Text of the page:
However, you already know about me. I wanted to let you know about all the other wonderful things that you can find in the gift shop.
Artists from the local area have produced an awesome array of art in different media. There are quilts, crocheted items, books, tie-dyed tee shirts, paintings and more! Since a picture is worth a thousand words and that’s my main media here’s a short essay about what can be purchased here. 😍 When you’re in the area visiting the New River Gorge Bridge, Hawks Nest State Park or a fishing trip to Boley Lake at Babcock State Park it’s certainly worth stopping by our little co-op for some hand made souvenirs 😁
I love the old Glade Creek Grist Mill at Babcock State Park in West Virginia. I have been told that it’s the most photographed mill in North America. It always has an awesome scene to capture no matter what the season. The mill was actually built from the recovered pieces of other mills that had shut down. West Virginia is known for its coal mining but we have a lot to offer in green energy too. Our rivers and streams are in perpetual motion and capable doing a lot of work. This mill is still operating seasonally and grinds grain but others in the past milled lumber for our timber industry.
This image was taken last Sunday prior to meeting with a client for portraits. (Yes, I do portraits too 😁 anyone in southern West Virginia that is interested in portraits can contact me either on my website contact page or message me on Facebook)
Pictured above is the fossil of Lepidodendron. Theses are common find on West Virginia. I found this one as part of the wall of the gift shop at Babcock State Park. 😉 At one point I had the beginnings of a decent collection but donated them to an education effort. The surprising thing is when we find fossils of sea creatures on our mountain tops. ( Well, not so surprising to those of us who believe in a global flood 😁) I have found clusters of seashells in the Greenbriar River. Several years ago I was filling potholes in a private road and broke open some sandstone to find the fossils of reeds.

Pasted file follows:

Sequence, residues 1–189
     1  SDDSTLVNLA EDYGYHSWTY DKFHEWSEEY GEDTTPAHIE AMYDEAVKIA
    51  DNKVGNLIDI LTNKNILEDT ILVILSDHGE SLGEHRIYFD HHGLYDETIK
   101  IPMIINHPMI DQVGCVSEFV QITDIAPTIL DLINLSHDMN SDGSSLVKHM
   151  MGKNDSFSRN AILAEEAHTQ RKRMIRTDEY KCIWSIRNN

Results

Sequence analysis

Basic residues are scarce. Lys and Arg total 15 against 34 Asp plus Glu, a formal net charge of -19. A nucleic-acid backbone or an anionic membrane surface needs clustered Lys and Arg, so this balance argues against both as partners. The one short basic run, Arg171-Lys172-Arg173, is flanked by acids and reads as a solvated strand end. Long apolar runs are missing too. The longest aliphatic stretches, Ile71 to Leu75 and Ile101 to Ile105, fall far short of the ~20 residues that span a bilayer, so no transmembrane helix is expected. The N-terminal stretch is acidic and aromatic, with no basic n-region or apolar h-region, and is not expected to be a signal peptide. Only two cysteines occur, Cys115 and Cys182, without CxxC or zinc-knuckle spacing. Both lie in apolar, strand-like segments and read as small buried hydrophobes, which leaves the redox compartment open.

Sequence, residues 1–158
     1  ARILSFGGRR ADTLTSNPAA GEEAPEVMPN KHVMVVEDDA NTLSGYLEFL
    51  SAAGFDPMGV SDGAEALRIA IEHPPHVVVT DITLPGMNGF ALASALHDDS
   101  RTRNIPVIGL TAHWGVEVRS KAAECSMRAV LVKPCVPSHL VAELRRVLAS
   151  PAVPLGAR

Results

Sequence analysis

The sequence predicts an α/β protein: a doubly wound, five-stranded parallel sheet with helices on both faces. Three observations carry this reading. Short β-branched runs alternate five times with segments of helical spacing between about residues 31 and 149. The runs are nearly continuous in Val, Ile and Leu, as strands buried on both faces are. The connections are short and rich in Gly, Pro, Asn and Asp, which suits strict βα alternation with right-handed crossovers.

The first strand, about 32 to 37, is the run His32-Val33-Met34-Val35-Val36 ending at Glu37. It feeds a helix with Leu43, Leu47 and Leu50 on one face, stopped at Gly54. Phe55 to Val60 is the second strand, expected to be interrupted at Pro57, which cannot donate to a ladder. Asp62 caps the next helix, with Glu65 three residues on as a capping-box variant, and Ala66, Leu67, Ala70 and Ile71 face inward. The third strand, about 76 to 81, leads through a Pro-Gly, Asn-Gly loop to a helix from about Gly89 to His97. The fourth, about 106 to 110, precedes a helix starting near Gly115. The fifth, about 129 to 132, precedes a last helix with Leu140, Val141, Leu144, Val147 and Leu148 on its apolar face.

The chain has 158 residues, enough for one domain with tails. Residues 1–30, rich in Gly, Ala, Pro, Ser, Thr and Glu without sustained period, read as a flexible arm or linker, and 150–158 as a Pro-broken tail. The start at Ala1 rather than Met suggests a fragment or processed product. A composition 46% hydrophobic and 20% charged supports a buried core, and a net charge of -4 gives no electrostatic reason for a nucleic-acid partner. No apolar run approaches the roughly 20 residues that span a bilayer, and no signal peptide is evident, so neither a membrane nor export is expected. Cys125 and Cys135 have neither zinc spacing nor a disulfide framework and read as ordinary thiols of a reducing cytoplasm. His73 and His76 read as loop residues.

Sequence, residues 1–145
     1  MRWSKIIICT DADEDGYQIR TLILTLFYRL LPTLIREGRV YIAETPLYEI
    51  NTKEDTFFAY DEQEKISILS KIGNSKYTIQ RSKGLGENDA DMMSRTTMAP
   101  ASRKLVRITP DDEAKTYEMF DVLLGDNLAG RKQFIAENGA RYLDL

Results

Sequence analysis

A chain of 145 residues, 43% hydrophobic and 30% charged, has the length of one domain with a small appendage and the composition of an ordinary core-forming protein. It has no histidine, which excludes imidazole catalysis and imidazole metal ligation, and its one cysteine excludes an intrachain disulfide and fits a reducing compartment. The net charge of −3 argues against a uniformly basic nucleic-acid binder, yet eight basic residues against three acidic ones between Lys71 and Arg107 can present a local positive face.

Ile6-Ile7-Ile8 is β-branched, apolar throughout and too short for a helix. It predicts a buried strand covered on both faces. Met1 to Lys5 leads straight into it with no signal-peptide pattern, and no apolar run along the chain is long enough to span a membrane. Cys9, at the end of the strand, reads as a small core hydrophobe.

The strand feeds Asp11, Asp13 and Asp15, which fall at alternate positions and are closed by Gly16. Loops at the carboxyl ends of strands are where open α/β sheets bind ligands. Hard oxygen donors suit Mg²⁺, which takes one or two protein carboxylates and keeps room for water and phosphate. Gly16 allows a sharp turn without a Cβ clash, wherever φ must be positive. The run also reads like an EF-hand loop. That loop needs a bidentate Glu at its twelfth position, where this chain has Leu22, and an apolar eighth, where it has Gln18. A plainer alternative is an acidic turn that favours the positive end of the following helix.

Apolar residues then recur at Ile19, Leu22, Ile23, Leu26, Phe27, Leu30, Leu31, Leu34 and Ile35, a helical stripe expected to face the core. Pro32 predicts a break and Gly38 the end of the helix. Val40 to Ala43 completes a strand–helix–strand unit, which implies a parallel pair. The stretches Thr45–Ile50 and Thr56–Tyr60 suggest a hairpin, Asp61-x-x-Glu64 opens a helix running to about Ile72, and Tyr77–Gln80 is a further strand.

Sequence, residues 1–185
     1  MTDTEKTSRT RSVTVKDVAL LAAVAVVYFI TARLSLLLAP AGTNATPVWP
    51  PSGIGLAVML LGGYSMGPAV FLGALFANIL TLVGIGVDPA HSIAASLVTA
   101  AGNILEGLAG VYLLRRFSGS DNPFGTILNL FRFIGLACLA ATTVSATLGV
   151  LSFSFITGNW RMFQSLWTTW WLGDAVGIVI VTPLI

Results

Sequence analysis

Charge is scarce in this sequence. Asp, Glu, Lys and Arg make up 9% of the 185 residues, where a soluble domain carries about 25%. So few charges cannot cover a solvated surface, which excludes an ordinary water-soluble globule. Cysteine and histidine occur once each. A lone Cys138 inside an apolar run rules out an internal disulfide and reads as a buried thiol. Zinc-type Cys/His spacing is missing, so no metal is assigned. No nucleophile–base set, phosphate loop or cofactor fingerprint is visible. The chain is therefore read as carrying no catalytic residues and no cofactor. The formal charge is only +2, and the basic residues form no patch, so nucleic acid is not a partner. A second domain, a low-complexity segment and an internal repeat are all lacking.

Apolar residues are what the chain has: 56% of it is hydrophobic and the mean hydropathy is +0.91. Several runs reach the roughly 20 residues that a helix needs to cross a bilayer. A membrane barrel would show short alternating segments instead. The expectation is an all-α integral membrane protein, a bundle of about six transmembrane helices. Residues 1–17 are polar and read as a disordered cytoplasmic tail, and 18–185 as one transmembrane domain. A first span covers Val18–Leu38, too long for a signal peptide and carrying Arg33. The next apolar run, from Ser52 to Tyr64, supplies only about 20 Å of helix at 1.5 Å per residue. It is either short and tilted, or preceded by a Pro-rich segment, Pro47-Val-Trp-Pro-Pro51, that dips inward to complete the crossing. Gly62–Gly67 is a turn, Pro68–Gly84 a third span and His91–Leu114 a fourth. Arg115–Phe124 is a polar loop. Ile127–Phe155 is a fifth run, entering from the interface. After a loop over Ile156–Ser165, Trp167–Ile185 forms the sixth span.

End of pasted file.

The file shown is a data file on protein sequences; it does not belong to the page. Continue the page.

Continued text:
There’s a trick to finding fossils. First, you have to have an idea of where to look. I have had the best luck by studying the lay of the land and if I spot a place that has a depression where water gathers that’s a good place. Next, I look for sandstone. Fossils form when silica fills the organic matter and sandstone is silica. If the stone has layers then that’s a good sign too. I carefully place a chisel into the seam and gently tap. The layer should simply separate. More often than not there’s no fossil but it does give one an excuse to get outside and enjoy the fresh air. As always I implore you to respect private and public property which means that you need permission from the landowner. But it’s a relatively relaxing activity that’s cheap and easy. Even if you don’t find a fossil you might find a stone with neat patterns that could used as part of an art project. Give it try.